Quasi-one-dimensional superconductors or nanowires exhibit a transition into a nonsuperconducting regime, as their diameter shrinks. We present measurements on ultrashort nanowires (∼40-190 nm long) in the vicinity of this quantum transition. Properties of all wires in the superconducting phase, even those close to the transition, can be explained in terms of thermally activated phase slips. The behavior of nanowires in the nonsuperconducting phase agrees with the theories of the Coulomb blockade of coherent transport through mesoscopic normal metal conductors. Thus it is concluded that the quantum transition occurs between two phases: a "true superconducting phase" and an "insulating phase". No intermediate, "metallic" phase was found.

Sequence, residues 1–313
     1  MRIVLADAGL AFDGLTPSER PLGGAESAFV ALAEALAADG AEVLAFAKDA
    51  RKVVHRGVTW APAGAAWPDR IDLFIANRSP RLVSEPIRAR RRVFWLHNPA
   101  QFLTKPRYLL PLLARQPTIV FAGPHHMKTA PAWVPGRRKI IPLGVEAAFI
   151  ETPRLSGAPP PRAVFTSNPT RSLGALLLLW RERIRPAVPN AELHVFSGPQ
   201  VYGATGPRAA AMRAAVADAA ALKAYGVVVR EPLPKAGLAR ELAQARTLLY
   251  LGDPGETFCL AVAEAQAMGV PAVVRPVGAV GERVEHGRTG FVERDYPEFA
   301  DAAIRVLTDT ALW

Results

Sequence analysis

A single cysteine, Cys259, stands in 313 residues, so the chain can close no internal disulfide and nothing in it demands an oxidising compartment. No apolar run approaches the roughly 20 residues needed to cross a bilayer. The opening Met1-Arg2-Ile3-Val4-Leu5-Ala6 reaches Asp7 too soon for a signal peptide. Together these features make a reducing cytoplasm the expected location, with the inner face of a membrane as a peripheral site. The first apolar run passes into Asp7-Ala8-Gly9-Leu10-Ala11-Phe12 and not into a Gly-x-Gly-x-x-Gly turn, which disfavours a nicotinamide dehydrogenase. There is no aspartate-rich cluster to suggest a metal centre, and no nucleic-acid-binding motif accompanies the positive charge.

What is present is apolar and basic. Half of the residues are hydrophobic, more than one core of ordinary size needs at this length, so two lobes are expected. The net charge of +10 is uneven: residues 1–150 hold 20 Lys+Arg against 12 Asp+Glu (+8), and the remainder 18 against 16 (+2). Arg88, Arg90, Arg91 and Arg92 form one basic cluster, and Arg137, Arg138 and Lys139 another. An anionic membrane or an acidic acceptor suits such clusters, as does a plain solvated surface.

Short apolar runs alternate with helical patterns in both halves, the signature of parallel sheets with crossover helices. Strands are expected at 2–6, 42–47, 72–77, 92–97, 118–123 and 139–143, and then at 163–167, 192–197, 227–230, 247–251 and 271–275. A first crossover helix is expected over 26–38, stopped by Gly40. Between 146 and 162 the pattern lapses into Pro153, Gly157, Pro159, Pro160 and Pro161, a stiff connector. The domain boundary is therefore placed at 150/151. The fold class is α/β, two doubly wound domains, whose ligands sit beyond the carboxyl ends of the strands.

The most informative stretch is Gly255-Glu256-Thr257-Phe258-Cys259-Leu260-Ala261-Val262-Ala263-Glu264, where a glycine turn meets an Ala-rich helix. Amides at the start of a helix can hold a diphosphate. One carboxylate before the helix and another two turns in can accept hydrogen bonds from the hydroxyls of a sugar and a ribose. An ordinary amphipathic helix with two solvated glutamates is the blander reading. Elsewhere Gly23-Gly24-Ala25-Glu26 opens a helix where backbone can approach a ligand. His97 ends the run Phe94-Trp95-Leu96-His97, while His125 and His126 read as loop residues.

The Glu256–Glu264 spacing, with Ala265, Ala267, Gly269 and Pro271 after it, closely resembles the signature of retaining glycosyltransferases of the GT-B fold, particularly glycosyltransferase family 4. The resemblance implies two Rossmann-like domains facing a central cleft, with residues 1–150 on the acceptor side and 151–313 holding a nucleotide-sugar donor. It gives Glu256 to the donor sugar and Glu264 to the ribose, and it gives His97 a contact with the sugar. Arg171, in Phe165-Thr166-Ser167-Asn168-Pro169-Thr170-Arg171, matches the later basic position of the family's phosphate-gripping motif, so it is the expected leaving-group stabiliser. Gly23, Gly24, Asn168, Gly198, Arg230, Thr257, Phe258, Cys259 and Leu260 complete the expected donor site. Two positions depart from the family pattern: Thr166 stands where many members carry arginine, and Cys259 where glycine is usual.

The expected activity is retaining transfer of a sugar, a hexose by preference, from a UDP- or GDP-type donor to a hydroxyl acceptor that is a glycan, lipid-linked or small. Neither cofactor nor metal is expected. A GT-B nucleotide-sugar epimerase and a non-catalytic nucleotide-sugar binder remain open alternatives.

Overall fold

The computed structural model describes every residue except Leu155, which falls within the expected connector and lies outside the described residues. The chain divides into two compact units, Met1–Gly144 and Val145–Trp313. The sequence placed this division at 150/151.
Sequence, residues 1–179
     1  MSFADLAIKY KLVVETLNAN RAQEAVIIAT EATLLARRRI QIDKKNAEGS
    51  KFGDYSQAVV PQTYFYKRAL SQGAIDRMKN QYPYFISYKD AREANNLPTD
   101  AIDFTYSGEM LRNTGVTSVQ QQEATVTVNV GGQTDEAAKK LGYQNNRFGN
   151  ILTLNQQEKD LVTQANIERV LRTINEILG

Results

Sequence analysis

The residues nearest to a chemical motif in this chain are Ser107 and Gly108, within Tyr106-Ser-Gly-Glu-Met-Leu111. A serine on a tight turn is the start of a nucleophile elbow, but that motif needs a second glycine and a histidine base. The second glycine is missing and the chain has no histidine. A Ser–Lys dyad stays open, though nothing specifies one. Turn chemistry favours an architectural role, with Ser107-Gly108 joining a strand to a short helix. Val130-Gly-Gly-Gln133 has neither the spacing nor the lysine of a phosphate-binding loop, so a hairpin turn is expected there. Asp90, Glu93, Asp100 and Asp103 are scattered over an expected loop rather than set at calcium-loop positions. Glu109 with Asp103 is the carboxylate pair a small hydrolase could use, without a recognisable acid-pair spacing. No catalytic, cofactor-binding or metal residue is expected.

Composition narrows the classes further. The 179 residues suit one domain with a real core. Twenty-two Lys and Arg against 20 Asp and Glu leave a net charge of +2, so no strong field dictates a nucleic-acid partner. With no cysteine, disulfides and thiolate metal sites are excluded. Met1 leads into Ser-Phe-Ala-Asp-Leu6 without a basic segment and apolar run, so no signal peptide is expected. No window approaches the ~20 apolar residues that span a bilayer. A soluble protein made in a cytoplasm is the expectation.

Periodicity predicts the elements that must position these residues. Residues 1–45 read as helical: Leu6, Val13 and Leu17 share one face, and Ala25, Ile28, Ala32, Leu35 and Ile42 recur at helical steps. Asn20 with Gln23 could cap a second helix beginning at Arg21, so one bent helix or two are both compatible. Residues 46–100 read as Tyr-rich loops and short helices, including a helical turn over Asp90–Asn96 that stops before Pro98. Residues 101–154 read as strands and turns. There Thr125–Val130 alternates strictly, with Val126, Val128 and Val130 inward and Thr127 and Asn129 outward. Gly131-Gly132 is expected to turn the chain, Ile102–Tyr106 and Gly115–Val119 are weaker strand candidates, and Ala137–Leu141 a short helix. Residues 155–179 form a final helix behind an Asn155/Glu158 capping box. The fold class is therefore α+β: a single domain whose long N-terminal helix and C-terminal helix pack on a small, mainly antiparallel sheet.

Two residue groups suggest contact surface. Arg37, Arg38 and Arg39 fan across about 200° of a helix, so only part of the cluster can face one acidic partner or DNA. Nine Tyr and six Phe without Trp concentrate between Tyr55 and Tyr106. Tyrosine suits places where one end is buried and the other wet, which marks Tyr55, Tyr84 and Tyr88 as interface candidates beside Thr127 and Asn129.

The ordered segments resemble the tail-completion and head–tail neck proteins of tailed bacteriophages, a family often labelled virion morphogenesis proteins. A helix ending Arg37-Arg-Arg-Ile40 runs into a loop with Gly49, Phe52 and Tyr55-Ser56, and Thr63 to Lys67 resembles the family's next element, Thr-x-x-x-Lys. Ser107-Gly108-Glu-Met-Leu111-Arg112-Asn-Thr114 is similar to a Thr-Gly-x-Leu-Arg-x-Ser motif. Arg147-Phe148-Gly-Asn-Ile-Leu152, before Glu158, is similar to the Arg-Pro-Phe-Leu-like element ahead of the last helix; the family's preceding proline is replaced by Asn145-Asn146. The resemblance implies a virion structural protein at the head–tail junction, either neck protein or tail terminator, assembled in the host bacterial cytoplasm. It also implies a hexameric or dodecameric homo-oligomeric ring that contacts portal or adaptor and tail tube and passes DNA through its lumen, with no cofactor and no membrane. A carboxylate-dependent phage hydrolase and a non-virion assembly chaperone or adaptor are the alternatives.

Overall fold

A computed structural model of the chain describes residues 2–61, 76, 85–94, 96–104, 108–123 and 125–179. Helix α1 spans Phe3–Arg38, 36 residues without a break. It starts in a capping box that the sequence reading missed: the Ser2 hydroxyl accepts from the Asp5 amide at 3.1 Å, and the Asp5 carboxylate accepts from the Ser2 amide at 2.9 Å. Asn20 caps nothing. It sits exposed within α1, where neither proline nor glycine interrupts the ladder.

ASJC Scopus subject areas
- Physics and Astronomy(all)